Obituary: Jackie McInally, footballer

Footballer who became a Kilmarnock FC legend. Picture: SNSFootballer who became a Kilmarnock FC legend. Picture: SNS
Footballer who became a Kilmarnock FC legend. Picture: SNS
Born: 21 November, 1936 in Ayr. Died: 9 July, 2016 in Ayr, aged 79.

Jackie McInally, who has died after a sudden illness, holds legendary status where Kilmarnock FC is concerned, as one of the players who brought the Scottish League Championship to Rugby Park for the only time, in 1965. Along with Frank Beattie and Bertie Black, he was a constant through that Golden Age from 1960 to 1965 when, under Willie Waddell, Killie and Hearts offered a genuine challenge to Scot Symon’s wonderful Jim Baxter-inspired Rangers side.

Like Beattie and Black, McInally was woefully under-appreciated in the SFA council chamber, where the national side was then selected. Fair enough, the three Kilmarnock men were fighting for Scotland recognition against three shoo-ins to any All-Time Scotland Squad, Baxter, John White and Denis Law, but, lesser talents – including his own son, Alan “Rambo” McInally, who older Killie fans will assure you, was: “A guid player, but, no a patch oan his faither” – have won the caps which were denied McInally senior.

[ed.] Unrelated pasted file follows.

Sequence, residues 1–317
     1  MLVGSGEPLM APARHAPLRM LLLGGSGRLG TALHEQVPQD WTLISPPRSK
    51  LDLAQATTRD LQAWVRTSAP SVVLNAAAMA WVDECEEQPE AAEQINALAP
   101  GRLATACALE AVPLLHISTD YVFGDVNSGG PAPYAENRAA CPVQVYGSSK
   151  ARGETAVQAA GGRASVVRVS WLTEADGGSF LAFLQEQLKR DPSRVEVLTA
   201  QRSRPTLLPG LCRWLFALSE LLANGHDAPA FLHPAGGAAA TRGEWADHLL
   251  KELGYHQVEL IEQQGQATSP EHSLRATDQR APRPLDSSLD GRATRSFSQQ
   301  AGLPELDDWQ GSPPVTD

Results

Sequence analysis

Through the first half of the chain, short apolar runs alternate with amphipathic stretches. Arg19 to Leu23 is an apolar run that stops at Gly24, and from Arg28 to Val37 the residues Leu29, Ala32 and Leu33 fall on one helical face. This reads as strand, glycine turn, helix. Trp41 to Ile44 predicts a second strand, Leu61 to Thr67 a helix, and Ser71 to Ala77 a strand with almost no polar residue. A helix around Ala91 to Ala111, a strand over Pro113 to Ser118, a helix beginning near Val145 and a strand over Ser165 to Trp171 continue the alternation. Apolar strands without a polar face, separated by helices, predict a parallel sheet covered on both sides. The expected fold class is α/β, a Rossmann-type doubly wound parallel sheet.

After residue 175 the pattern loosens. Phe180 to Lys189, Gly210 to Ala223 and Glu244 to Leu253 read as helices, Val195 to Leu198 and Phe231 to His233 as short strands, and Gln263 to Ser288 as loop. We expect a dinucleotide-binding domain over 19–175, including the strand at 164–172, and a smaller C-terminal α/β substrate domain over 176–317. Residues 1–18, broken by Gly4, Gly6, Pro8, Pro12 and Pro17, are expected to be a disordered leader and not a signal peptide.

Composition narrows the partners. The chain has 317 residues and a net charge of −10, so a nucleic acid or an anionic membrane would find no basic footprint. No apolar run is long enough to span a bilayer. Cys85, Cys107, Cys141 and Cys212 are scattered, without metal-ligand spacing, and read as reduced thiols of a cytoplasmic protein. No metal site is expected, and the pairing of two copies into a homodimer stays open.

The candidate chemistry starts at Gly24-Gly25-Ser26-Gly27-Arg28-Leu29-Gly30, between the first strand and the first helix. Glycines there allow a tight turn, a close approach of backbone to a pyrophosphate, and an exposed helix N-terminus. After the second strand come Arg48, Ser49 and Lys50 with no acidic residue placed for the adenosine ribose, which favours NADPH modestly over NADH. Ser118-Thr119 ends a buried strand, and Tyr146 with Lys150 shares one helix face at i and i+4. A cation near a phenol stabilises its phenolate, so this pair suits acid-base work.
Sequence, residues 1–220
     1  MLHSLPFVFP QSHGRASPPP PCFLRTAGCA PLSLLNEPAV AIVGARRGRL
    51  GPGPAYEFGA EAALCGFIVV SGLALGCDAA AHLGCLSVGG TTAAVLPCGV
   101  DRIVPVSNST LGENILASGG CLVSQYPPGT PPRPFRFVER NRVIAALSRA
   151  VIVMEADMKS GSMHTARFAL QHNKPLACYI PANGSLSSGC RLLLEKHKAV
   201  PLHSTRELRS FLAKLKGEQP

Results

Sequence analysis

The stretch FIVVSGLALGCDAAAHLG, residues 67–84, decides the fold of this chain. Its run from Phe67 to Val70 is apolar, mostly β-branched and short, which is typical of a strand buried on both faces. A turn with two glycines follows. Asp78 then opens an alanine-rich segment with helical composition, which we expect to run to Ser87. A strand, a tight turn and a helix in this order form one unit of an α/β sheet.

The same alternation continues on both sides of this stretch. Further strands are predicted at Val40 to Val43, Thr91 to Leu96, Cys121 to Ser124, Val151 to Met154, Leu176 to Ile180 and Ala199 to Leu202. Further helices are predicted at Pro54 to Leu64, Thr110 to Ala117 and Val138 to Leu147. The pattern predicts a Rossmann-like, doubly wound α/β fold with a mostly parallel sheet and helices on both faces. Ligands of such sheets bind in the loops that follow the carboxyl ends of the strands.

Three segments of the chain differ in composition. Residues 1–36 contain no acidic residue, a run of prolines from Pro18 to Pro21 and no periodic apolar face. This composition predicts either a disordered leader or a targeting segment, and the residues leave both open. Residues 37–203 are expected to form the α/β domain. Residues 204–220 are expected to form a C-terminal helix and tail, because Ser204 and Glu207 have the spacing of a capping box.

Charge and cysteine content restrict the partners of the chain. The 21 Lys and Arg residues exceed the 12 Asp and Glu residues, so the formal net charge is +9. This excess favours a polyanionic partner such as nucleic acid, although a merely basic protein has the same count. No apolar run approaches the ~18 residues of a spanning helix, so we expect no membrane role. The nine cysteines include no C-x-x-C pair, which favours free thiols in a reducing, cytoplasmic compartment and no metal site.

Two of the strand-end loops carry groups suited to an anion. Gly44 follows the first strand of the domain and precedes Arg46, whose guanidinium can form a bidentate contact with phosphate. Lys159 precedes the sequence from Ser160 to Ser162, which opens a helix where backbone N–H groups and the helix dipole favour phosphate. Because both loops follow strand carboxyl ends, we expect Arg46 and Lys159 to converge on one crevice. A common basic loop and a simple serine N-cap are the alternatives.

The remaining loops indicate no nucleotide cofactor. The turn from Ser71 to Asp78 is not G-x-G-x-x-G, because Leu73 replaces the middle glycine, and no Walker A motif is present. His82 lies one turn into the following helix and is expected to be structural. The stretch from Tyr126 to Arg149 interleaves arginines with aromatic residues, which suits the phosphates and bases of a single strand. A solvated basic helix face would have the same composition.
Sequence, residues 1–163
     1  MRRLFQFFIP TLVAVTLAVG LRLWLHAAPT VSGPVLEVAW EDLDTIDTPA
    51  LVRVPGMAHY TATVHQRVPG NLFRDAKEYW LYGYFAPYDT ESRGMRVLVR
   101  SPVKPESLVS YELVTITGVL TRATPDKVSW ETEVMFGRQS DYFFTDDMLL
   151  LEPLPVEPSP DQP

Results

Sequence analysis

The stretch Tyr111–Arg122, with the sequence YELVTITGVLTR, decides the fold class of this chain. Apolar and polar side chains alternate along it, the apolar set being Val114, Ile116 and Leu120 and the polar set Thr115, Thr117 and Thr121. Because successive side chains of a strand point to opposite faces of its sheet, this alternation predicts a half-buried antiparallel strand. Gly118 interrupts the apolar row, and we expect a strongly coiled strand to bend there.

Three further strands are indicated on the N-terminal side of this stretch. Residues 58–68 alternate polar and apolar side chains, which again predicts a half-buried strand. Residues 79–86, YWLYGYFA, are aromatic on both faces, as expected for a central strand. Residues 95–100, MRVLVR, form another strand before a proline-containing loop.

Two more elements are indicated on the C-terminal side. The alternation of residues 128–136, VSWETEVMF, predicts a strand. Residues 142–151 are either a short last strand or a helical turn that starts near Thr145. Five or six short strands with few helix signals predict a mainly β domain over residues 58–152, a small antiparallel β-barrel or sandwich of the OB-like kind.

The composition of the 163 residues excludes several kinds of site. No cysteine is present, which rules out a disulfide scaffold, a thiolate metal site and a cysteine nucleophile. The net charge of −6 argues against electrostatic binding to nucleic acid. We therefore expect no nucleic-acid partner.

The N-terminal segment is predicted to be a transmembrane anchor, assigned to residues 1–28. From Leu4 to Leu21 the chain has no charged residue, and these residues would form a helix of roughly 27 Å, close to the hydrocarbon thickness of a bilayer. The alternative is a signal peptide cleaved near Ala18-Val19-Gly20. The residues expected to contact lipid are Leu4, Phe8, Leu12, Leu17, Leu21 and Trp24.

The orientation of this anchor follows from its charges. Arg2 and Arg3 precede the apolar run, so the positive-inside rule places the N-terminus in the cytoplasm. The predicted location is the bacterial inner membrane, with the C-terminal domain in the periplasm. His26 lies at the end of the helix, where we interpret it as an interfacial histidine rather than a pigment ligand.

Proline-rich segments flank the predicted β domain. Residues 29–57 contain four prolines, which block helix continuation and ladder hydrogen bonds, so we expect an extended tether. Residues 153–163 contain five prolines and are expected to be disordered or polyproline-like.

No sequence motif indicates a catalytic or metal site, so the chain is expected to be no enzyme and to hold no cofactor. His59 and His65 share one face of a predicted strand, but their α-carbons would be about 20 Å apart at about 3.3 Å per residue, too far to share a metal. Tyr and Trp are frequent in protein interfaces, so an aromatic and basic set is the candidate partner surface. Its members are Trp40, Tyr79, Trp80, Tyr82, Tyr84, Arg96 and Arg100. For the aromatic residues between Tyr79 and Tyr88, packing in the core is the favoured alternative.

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In Jackie’s case, he was chosen just once for the Scottish League side, for the then annual International Trial, between “Scotland” and “the Scottish League”. His appearance came on 30 January, 1961. Sadly, contemporary reports state he failed to do himself justice.

That was typical of his bad luck when it came to mementoes of a long career – more than 400 senior games for Kilmarnock, Motherwell and Hamilton Accies between 1959-75. There was a League-winner’s medal from 1965, a Second Division Championship medal with Motherwell in 1969, but his others were runners-up ones, as Killie lost in the 1960 Scottish Cup and the 1960-61 League Cup finals, and the 1962-63 League Cup final to Hearts. That one really hurt everyone around Rugby Park, after Tom “Tiny” Wharton wrongly chalked off a Beattie goal, allowing Hearts to win. Still, Killie had their revenge in 1965.

He did have one victorious Hampden moment, in 1959, when he played for the unsung Crosshill Thistle team which won the Scottish Amateur Cup, defeating Eaglesham Amateurs. Twelve months later, he was back at the National Stadium, in the Kilmarnock team which lost to Rangers in the senior Scottish Cup Final.

McInally signed for Killie shortly after that Crosshill final – prior to joining Thistle, he had learned the football trade with Kello Rovers and Minishant Amateurs, who would themselves lift the Amateur Cup in 1960.

Willie Waddell wasted little time in putting him into the first team for the second match of the 1959-60 season, a League Cup tie against ­Stirling Albion, at Annfield on 12 August, 1959. He would miss a mere five games that season, as he made the number eight shirt his own.